Pro-XRP Lawyer Deaton Mulls Addressing Congress With Letter
John E. Deaton, a seasoned attorney and notable figure within the XRP community, took to X (formerly Twitter) on Thursday, October 12, to signal his intention to write a letter to the Financial Services Committee (FSC), criticizing the lack of efficacy in addressing the US Securities and Exchange Commission (SEC) through letters to its Chairman, Gary Gensler.
On X (formerly Twitter), Deaton stated, “I think I’m going to write a letter, addressed to the FSC, discussing the inadequacy of writing letters to Gary Gensler. True oversight is not about how many stern letters you write or how many warnings you give. It isn’t about voluntary compliance. True oversight is achieved involuntarily.”
This Enrages Pro-XRP Attorney Deaton
This tweet was a response to a post by Eleanor Terrett, a journalist with Fox Business. Terrett had highlighted that Oversight Committee Chairman Rep. James Comer was contemplating utilizing subpoena power over Gary Gensler and the SEC, emphasizing the Committee’s exasperation with Gensler’s continuous non-compliance with oversight requests.
Terrett quoted an unnamed former SEC source stating, “I have never seen this requested before, at least not at the SEC.” Highlighting Comer’s reputation, a source from Capitol Hill chimed in saying, “Comer comes to play.”
In the letter to the SEC Chair, the House Committee on Oversight and Accountability expressed its dissatisfaction over the SEC’s perceived lack of collaboration on oversight requests. The Committee highlighted its apprehensions about the SEC’s involvement in European social engineering schemes, citing them as transparency initiatives.
James Comer, Chairman of the Committee, noted that the SEC’s delivered documents are primarily already in the public domain and thus ineffective in satisfying the Committee’s inquiries. Reminding the SEC of its promise of collaboration made during the 118th Congress, Comer suggested that the Committee might resort to compulsory processes to guarantee compliance.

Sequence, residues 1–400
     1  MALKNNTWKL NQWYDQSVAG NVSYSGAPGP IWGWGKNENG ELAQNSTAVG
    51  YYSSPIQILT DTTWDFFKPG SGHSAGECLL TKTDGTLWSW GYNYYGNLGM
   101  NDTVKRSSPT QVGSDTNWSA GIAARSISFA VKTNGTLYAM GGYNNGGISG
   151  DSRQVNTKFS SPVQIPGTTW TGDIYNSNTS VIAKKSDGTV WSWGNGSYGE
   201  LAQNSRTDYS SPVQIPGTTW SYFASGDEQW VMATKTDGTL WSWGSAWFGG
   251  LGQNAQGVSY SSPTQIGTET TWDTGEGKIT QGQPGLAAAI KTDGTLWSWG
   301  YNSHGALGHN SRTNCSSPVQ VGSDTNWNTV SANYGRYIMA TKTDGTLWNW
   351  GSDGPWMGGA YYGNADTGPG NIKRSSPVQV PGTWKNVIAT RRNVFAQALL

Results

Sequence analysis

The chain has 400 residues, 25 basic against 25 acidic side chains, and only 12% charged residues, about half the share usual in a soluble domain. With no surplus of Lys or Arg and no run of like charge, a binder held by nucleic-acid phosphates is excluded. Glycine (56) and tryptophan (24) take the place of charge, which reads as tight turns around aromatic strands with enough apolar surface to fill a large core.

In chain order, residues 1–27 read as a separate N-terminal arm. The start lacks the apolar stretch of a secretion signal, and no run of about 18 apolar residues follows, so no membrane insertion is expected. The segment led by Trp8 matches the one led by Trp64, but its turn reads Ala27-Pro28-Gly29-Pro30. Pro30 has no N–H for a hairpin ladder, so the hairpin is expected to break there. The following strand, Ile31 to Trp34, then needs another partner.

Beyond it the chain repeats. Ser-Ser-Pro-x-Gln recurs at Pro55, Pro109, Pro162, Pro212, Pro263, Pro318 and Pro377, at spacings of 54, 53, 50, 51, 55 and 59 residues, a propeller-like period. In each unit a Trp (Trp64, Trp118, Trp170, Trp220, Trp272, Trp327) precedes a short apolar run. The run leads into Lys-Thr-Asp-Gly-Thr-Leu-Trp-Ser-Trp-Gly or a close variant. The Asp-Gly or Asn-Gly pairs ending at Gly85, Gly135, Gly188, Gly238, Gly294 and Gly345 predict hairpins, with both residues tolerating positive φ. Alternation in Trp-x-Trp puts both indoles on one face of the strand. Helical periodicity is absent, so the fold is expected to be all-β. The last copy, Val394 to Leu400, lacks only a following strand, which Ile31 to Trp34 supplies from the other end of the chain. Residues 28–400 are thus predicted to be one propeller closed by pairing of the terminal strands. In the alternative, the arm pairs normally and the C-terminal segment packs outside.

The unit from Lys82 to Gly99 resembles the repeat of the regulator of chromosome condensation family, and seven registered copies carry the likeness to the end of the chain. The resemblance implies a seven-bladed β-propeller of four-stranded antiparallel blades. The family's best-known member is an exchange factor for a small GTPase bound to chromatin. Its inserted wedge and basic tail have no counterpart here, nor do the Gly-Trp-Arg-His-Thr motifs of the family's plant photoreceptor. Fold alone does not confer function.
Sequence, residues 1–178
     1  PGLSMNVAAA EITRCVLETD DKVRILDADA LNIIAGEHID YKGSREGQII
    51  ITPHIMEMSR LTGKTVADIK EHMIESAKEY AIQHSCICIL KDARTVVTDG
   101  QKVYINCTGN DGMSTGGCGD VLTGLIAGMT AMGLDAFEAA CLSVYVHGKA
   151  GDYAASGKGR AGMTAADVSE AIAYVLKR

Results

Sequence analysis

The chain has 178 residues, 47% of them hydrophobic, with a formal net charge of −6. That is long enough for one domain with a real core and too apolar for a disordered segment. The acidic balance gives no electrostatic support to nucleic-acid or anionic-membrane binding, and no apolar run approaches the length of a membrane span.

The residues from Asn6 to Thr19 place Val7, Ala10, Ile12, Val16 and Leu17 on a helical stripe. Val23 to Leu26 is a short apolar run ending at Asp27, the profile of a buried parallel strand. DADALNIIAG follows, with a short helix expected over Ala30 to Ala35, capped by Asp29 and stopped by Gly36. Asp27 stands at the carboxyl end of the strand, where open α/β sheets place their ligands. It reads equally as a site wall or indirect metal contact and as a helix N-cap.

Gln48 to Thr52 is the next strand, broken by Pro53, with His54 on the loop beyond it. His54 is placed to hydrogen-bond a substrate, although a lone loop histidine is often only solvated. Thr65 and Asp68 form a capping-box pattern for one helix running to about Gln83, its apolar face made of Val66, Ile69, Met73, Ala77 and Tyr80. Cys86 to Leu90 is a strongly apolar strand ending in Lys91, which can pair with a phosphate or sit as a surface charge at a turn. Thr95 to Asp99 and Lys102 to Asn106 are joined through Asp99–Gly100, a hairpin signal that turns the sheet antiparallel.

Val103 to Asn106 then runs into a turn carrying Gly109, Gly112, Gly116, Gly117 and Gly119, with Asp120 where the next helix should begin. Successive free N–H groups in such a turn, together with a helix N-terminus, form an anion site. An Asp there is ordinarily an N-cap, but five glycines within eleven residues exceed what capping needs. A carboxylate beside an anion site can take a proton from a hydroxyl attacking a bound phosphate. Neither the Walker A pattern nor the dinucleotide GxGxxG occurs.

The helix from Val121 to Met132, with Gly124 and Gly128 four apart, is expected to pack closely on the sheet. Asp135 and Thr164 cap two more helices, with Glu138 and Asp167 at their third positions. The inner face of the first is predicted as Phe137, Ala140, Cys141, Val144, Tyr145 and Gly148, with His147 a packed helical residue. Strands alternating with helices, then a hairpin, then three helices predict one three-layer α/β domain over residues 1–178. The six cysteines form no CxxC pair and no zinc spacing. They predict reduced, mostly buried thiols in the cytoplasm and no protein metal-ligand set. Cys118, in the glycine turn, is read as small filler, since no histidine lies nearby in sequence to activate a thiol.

He also drew parallels with Goldman Sachs’ $6 million fine by the SEC for withholding data, indicating that the SEC should provide access to its records without obstruction.
What The Letter Could Be About
Though the specific topic Deaton wishes to broach in his letter remains undisclosed, his advocacy for XRP and criticisms of both Gensler and the SEC are well-known. Deaton is outspoken about his belief in the “ETH Gate” theory, suggesting that the SEC has potential conflicts of interest, including connections to China.
In another post yesterday, Deaton remarked, “It seems blatantly clear that having a CCP connection provides a company with not only access to US regulators, but an investigative free pass. Where is Gary Gensler – the self-proclaimed cop on the beat? Does he and the SEC only investigate and sue non-fraudulent American companies like LBRY, Dragonchain, Kraken and Coinbase?”
He was referencing a comment by Marc Cohodes who raised questions about the links between FTX’s Gary Wang and China, hinting at possible preferential treatments.
Remarkably, at his recent hearing before the House Financial Services Committee, Chairman Patrick McHenry complained that SEC Chairman Gary Gensler had withheld requested documents from Congress for more than seven months, pointing to the SEC’s refusal to provide documents on the FTX collapse and climate disclosure rule.
At press time, XRP traded at $0.4817.
Featured image from Coinkolik, chart from TradingView.com